CURVED STAIRS

did any of you gentlemen have experiance creating curved stairs? How would one
go about curving a stringer. I guess it would be a built up box beam 5" x 8"
how to though, it's all about how too.
Reply to
CropseyIronWorks
Loading thread data ...
I've seen curved stringers made from lot's of stuff, 1/2" x 12" plate, open channel iron, channel boxed with plate, two channels welded toe to toe, pipe and square tube.
Tube in your 5"x 8" range would be the first thing I would look at.
JTMcC.
Reply to
JTMcC
The tread is made op of a piece of sheet, about 16" on outside end and 3" on inside end with a piece of pipe attached in a vertical position. Both front and back edges are bent with a 1.5" lip to give strength. The piece of pipe acts as a collar to slip on over the verticle pipe the stairs are wound around. Just slide them all on and weld into place when spaced properly.
Clear as mud......right.
Bert Newfoundland
Reply to
Bert and Eileen Plank
What you describe is commonly known as a "spiral stair", and rarely has a stringer. The poster ask about a "curved stair", which is different than a spiral, and almost always has at least two stringers.
JTMcC.
Reply to
JTMcC
This probably doesn't help much, but I witnessed the construction of a grand spiral stairway for a "mansion". It was out of wood, however, the spiral "stringers" were constructed out of thin plywood sheeting. Once the curve and incidence were set to please, layer upon layer was added, glued screwed and clamped, layer by layer until the desired thickness was reached.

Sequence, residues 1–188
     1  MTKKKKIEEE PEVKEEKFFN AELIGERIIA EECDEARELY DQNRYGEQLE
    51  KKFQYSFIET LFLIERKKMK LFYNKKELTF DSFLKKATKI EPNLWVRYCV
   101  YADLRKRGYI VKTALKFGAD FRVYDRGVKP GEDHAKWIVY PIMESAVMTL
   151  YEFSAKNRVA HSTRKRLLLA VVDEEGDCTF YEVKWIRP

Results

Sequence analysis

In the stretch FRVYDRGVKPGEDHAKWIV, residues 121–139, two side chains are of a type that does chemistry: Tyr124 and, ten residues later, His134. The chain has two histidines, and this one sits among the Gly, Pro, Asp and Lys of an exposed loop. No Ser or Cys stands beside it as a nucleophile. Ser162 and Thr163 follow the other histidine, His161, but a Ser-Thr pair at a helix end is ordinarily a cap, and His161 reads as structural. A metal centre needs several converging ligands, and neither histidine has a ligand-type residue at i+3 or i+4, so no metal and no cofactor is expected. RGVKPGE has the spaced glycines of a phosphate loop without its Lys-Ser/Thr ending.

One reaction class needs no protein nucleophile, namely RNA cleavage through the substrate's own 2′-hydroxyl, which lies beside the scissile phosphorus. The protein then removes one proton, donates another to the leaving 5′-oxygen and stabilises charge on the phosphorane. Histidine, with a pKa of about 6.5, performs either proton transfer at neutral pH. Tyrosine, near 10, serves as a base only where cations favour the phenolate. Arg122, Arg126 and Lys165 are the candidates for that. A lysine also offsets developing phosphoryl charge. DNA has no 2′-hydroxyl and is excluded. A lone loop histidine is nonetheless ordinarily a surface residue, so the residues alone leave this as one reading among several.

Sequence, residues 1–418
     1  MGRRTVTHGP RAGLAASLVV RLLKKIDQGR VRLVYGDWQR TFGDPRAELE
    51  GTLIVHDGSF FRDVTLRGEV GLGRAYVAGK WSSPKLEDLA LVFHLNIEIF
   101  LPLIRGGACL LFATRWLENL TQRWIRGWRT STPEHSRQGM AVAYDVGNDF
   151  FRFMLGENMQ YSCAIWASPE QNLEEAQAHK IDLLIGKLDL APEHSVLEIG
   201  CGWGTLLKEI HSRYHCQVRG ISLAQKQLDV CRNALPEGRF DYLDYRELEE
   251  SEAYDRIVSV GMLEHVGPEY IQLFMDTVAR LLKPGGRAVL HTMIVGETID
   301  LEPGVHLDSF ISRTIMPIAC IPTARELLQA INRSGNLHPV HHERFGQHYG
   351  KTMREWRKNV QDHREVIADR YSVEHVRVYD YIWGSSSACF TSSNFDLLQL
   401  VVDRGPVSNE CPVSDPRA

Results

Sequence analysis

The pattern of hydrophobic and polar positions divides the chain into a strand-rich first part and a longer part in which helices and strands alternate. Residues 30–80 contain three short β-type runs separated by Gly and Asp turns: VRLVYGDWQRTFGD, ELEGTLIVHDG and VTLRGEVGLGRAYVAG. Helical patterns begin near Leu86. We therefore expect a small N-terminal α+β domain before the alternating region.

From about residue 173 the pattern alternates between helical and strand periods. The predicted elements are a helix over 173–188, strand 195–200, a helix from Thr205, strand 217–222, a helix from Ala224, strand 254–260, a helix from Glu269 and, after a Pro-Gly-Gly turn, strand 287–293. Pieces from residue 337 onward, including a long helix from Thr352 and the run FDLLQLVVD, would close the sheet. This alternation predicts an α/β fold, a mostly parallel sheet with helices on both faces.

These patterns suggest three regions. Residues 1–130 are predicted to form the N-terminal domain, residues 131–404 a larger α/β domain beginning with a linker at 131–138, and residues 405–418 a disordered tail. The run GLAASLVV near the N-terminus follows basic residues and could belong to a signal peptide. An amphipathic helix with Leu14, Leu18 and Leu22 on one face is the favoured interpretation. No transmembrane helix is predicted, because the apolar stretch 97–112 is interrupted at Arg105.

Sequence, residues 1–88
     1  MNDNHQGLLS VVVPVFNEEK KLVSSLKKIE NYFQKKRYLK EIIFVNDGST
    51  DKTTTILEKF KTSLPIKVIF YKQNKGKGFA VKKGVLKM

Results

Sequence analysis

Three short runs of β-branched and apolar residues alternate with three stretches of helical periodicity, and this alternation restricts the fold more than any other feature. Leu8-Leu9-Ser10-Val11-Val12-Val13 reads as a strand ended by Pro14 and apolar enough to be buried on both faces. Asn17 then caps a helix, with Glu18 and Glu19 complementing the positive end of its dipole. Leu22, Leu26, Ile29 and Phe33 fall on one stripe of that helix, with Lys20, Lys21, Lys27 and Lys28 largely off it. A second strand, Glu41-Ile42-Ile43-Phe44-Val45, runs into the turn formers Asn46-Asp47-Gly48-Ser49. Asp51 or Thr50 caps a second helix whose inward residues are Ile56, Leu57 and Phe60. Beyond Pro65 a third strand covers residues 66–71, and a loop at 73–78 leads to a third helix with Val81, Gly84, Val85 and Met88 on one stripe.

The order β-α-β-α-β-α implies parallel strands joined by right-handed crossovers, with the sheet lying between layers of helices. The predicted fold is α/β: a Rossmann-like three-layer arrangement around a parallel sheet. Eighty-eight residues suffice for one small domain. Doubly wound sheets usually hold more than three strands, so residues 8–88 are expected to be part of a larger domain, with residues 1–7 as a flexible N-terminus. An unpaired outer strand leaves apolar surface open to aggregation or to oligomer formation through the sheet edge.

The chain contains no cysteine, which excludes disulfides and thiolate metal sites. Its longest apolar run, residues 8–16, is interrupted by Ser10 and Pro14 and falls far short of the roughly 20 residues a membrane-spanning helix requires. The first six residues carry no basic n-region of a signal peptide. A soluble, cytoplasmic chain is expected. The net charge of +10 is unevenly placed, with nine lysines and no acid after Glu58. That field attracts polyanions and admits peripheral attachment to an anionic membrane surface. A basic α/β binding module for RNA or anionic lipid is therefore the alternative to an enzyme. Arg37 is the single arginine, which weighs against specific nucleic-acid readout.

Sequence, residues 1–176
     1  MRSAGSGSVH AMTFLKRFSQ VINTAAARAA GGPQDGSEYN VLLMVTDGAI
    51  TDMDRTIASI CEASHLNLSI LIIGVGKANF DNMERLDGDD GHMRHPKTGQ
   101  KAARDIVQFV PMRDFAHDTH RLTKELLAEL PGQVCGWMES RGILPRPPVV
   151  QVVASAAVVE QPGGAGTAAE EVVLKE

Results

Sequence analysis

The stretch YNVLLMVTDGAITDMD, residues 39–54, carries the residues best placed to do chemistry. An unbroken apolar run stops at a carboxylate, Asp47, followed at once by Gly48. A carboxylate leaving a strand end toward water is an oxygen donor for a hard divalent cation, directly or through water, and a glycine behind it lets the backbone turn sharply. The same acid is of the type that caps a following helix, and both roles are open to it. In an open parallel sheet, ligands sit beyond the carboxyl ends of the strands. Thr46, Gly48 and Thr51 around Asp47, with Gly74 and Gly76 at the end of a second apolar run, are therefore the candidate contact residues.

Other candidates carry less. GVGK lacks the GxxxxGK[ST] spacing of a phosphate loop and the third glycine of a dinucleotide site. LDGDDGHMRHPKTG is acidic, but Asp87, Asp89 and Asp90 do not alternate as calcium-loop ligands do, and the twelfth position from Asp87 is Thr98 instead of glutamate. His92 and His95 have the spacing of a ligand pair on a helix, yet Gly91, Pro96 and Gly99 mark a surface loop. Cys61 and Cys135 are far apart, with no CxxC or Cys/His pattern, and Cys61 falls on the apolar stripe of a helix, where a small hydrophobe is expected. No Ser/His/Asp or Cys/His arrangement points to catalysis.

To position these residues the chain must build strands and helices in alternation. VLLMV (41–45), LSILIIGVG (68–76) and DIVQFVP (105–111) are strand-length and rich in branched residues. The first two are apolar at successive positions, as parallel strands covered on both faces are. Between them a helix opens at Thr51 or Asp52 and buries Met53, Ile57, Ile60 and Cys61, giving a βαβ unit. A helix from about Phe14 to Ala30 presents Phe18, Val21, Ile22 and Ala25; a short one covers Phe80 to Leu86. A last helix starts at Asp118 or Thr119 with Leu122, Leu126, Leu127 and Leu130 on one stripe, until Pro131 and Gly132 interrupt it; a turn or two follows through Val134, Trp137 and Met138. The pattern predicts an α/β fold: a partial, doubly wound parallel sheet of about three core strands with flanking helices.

I would imagine, similar, pleasing results could be done with steel. Building up the thicknesses to the desired level.
Scott
Reply to
Scott
Curved steel pieces are generally rolled, it's quick and convienient.
JTMcC.
Reply to
JTMcC
You will need some measurements first such as total rise and the radius of the turn as well as the total angle of turn you want. The rise and run on the centerline radius will have to be to code . I use the rule of 75. The product of rise and run should be about 70 to 75 so a 7.5 rise has a ten inch run. If you provide the rolling shop you select with the particulars they will confirm your slope and radius then roll the tube or plate to the shape. A built up box member would be two pieces of eight inch flat bar rollled to the spiral. The caps top and bottom would have to be cut and tacked to the corners of your two sidewalls. If you don't want to do the developments you can erect the two sidewalls with small flat bar spacers to hold them five inches apart. You can then take cardboard and trace the shape from the erected sidewalls of your box. Running a plumb bob off your points down to a circle laid out on teh floor will help to confirm you have the correct radius of turn. We just completed a spiral stair that was over 14 feet tall. We did it horizontally. Interesting experience is all I can say.